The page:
Welcome back to BCB After Dark: The afterparty for night owls, early-risers, new parents and Cubs fans abroad. We’ve saved you a table near the stage. Make yourself at home. The show will be starting soon. Bring your own beverage.
BCB After Dark is the place for you to talk baseball, music, movies, or anything else you need to get off your chest, as long as it is within the rules of the site. The late-nighters are encouraged to get the party started, but everyone else is invited to join in as you wake up the next morning and into the afternoon.
Last night I asked you who you thought was the greatest Cubs center fielder of the expansion era. Your choice, with 57% of the vote, is Dexter Fowler. Fowler only played two seasons on the North Side, but of course one of those seasons was the World Series season. Fowler is still a fan favorite in Wrigleyville, even though he hasn’t played for the Cubs since 2016. I’m sure that helped push him to victory in the voting despite his short tenure with the team.
(And for those of you who said “Jim Edmonds,” he played 85 games for the Cubs and had a 1.1 bWAR with the team.)
The Cubs are still playing the Padres on the West Coast as I write this, so I can’t tell you how the game went. But if you want to continue to discuss tonight’s game with the Friars, feel free to do so here.
On Tuesday nights/Wednesday mornings I normally don’t do a movie essay and I normally just put in a random jazz track to give you something to listen to while you read. But Monday night after the Cubs defeat in San Diego, I watched the 1959 film Odds Against Tomorrow, starring Harry Belafonte, Robert Ryan and Ed Begley Sr. The film was good, not great, and Belafonte in particular stood out to me for his performance. But I’m bringing it up here because the movie had a soundtrack by pianist John Lewis of the Modern Jazz Quartet.
So I decided feature the main theme from the movie by John Lewis. The rest of the Modern Jazz Quartet also play on the soundtrack, which formed the base of a 22-piece orchestra.
So here’s John Lewis with “Odds Against Tomorrow.” [VIDEO]
We’re running out of positions to pick the greatest Cubs players of the expansion era. I feel that three positions are so obvious that it’s pointless to poll them: second base is Ryne Sandberg, left field is Billy Williams and right field is Sammy Sosa, no matter how much you love Andre Dawson.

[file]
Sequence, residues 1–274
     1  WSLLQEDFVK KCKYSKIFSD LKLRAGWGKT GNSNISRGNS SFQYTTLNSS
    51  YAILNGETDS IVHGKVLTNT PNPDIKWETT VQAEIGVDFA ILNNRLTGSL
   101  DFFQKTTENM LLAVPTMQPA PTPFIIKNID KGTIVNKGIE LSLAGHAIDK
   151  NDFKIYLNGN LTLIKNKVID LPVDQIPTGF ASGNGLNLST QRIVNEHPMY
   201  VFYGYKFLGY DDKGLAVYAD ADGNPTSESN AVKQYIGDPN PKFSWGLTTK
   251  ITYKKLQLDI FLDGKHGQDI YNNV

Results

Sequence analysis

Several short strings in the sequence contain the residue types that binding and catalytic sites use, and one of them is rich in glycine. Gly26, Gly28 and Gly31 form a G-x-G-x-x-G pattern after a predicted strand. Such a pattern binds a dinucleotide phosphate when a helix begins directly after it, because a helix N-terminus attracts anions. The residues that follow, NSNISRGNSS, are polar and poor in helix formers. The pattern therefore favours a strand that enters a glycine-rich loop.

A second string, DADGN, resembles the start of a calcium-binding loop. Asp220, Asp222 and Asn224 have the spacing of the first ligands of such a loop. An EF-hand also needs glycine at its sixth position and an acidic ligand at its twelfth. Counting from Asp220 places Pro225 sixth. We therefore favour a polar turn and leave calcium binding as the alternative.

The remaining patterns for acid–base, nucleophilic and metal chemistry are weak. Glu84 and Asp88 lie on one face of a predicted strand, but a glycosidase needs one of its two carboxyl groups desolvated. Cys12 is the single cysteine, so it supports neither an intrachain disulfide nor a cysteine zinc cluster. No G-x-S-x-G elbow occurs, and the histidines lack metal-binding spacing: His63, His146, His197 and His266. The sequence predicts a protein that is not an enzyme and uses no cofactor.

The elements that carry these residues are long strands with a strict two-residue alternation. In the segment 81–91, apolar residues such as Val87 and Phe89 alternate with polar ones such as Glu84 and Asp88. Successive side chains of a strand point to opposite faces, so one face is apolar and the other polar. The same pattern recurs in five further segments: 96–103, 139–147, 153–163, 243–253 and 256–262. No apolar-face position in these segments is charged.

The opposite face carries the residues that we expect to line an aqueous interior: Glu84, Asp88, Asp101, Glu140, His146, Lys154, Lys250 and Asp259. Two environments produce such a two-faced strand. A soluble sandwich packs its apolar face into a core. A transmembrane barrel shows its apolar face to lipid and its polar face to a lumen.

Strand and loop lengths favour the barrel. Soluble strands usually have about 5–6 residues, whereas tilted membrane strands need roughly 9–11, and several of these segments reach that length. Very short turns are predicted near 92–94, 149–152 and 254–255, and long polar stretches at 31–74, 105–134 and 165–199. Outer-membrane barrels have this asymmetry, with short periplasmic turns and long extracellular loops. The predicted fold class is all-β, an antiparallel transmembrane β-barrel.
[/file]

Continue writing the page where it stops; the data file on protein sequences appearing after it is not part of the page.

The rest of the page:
So that leaves catcher, closer or relief ace and shortstop, and I’m not sure how big a competition shortstop is going to be. But let’s try it out and have our vote for the greatest Cubs shortstop since 1962 today.
The candidates are:
Don Kessinger (1964-1975): Kessinger was a six-time All-Star. His hitting stats don’t look that great today, but he played in the second deadball era and shortstops weren’t supposed to hit for power back then.
Ivan DeJesus (1977-1981): The retroactive defensive stats love DeJesus, and he was always a threat to steal when he got on base, which was more often than you might remember. The Phillies must have seen something in DeJesus, because they traded Ryne Sandberg to get him.
Shawon Dunston (1985-1995, 1997): Dunston always seemed to get hurt just as he was about to break out with the bat. Had that rocket arm at short. A two-time All-Star.
Ryan Theriot (2005-2010): The starting shortstop for the back-to-back division title teams in 2007 and 2008. Was very good at getting on base and stealing bases.
Starlin Castro (2010-2015): A three-time All-Star with the Cubs, Castro was saddled with being one of the few good players on those difficult rebuilding teams of the late Jim Hendry/early Theo Epstein era. Was very good when he first arrived in the majors.
Javier Báez: (2014-present): I don’t need to explain El Mago to you. A two-time All-Star.
So who is the greatest Cubs shortstop of the expansion era?
Who is the greatest Cubs shortstop since 1962?
This poll is closed
We’ll see you again tomorrow night. Thanks for stopping by.